A gas barrier layer may also be formed from a latex emulsion coating grade of vinylidene chloride/vinyl chloride copolymer having 5-15% vinyl chloride. The coating grade copolymer of vinylidene chloride/vinyl chloride may be present in an amount of from 5-100% (of total solids) with the remainder being 2-10% epoxy resin and melt extrusion grade material.
The gas barrier layer thickness may range from about (in order of ascending preference) 0.05 to 6 mils (1.27 to 152.4 micrometer), 0.05 to 4 mils (1.27 to 101.6 micrometer), 0.1 to 3 mils (2.54 to 76.2 micrometer), and 0.12 to 2 mils (3.05 to 50.8 micrometer).
The antifog coated film may have any total thickness as long as it provides the desired properties (e.g., flexibility, Young's modulus, optics, seal strength, peelable performance) for a given packaging application of expected use. Useful average thicknesses for the antifog film include less than about each of the following: 10 mils, 5 mils, 4 mils, 3 mils, 2 mils, 1.5 mils, and 1 mil. (A “mil” is equal to 0.001 inch.) Useful average thicknesses for the antifog coated film also include at least about each of the following: 0.32 mils, 0.5 mils, 0.75 mils, 0.9 mils, 1 mil, and 1.5mil. The tendency for ghosting appears to increase as the antifog coating thickness decreases.Film Additives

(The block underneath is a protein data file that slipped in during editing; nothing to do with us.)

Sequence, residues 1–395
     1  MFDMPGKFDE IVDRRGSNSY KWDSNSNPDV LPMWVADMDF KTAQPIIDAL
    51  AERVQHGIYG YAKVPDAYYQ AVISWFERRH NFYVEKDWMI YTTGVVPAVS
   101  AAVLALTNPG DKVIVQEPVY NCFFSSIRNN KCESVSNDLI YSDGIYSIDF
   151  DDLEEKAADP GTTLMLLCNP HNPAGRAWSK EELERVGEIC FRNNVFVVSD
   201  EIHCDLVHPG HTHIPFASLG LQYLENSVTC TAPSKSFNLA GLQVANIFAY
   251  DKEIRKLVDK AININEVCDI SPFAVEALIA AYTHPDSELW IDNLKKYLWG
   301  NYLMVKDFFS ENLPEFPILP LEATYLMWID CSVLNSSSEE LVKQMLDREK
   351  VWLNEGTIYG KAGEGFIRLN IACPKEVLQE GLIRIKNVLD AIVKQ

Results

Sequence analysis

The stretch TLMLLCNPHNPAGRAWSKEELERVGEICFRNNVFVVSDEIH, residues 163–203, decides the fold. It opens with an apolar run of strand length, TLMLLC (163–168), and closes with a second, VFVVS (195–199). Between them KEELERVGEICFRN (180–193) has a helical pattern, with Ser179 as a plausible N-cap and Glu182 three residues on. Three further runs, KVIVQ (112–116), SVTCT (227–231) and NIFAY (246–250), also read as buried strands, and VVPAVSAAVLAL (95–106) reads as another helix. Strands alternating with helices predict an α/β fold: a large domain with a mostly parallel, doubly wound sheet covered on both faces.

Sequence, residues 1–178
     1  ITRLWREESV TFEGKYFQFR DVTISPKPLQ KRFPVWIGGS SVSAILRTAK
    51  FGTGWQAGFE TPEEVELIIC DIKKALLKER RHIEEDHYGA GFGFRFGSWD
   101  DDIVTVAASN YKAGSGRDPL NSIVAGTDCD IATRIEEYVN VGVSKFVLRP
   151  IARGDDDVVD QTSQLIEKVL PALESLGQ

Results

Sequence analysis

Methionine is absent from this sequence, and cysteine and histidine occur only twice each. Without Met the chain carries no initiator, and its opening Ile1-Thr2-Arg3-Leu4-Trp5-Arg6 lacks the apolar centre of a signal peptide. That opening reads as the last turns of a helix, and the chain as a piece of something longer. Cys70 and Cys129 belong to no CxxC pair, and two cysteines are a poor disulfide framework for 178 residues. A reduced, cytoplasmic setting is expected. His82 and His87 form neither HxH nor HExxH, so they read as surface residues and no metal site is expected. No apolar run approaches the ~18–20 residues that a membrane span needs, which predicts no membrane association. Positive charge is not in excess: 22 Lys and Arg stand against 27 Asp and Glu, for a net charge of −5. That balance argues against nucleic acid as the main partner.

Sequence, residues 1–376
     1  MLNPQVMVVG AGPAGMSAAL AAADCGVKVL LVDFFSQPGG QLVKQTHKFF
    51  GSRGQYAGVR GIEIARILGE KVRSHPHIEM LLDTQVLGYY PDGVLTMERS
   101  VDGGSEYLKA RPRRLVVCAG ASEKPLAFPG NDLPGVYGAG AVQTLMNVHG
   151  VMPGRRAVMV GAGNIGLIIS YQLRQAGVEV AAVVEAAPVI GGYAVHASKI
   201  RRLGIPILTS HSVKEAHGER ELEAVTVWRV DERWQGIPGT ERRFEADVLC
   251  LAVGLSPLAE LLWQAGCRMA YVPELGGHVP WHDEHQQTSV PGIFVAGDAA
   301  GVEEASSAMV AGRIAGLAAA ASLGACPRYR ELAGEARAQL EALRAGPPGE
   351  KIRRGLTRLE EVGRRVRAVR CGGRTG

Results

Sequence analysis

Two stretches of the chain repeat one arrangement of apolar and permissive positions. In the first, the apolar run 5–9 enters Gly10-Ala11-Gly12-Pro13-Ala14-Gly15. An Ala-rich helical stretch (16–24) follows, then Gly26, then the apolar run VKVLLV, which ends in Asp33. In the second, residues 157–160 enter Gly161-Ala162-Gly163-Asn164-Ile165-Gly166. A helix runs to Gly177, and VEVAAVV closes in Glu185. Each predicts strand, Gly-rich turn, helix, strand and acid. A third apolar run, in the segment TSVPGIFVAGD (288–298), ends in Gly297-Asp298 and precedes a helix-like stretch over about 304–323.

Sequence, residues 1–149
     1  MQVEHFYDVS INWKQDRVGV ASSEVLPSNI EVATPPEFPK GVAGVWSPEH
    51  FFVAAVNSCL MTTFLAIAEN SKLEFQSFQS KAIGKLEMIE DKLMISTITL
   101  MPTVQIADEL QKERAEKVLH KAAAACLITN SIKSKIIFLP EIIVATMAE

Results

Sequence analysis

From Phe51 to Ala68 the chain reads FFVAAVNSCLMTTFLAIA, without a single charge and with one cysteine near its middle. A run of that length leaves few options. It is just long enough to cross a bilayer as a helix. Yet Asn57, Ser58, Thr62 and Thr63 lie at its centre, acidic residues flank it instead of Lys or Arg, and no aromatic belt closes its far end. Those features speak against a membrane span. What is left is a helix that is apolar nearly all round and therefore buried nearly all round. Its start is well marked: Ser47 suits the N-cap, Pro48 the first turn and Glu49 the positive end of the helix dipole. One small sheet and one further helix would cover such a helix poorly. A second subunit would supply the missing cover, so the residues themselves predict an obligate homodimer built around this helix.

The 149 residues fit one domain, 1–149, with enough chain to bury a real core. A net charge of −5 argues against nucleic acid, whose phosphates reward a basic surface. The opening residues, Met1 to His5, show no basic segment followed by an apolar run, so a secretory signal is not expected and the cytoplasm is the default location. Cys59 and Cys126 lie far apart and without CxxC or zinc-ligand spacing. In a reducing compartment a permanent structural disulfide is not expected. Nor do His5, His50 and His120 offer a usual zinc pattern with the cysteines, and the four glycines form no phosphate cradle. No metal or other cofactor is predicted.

One or more layers of the antifog coated film may include one or more additives useful in packaging films, such as, antifog agents, antiblocking agents, slip agents, colorants, pigments, dyes, flavorants, antimicrobial agents, meat preservatives, antioxidants, fillers, radiation stabilizers, and antistatic agents. Such additives, and their effective amounts, are known in the art.EXAMPLES
This invention will be better understood with reference to the following examples, which are intended to illustrate specific embodiments within the overall scope of the invention.
Evaluation was made in accordance with the following methods:Antifogging Property Test